What is horror? A miserable pile of secrets? Baby don’t hurt me? How’d girl get pregnant?

For 25 years I’ve walked or crawled on Earth, and in all that time, I never once learned the answer to that question. Donald Trump’s presidency has given me a  thorough crash-course on the subject, but I still don’t understand why people seem to like such a thing in entertainment form.

Jump, Jump Around

I’ve never really understand the desire to want to be scared. It’s rarer still that such ever happens when I do partake in spooky movies or video games – most of the time I’m just bored. As far as I can tell, every piece of horror entertainment follows the same formula: there are some stupid people, a monster shows up, kills some of the stupid people, the surviving stupid people run, somebody screams, the monster dies, the end.

I’m sure there are plenty of games, movies, books, and comic books that break away from that formula, but I’ve yet to experience them. Maybe it’s because I don’t go looking; most of us don’t tend to look for things that bore them to tears.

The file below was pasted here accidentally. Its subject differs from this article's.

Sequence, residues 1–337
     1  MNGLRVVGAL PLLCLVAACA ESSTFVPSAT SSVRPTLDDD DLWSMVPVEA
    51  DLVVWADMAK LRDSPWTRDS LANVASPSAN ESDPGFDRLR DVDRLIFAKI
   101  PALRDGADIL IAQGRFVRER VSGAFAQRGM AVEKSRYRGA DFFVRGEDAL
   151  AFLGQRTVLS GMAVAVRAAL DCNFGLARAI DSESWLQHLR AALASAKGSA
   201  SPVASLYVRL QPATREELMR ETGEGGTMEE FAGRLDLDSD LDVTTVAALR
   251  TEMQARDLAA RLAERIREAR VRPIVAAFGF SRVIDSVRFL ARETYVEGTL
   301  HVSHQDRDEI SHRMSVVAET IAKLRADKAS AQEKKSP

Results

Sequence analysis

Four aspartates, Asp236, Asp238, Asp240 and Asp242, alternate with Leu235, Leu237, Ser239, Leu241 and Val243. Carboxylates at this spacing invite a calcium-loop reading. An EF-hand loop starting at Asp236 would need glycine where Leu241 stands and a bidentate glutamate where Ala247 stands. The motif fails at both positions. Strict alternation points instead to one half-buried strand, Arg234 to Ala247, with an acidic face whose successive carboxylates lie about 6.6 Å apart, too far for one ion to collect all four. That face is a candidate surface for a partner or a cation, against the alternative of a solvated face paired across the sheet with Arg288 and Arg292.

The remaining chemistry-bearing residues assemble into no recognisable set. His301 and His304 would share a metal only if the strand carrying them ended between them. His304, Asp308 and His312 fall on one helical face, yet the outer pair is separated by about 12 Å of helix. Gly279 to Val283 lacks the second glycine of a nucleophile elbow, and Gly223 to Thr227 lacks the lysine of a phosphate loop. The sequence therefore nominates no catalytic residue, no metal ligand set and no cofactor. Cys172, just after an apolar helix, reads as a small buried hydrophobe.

So when I came up with the idea of doing a video of the ten best indie horror games of 2017, my original idea was to make it a 30 second video with nothing in it. Then Cliqist Editor-in-Chief and spooky, scary skeleton Greg Micek told me I couldn’t do that. So I turned to Cliqist’s resident horror expert and moonlighting jack-o-lantern Joanna Mueller to write it for me.

You can watch the video above in all its horrific glory. Did Joanna forget any games? Are all those games terrible and she just wanted to make me look bad? Let us know in the comments below, and be sure to subscribe to Cliqist’s YouTube channel if you haven’t already.

About the Author

Josh Griffiths

Josh Griffiths is a writer and amateur historian. He has a passion for 3D platformers, narrative-driven games, and books. Josh is also Cliqist’s video producer. He’s currently working on his first novel, and will be doing so on and off for the next decade.

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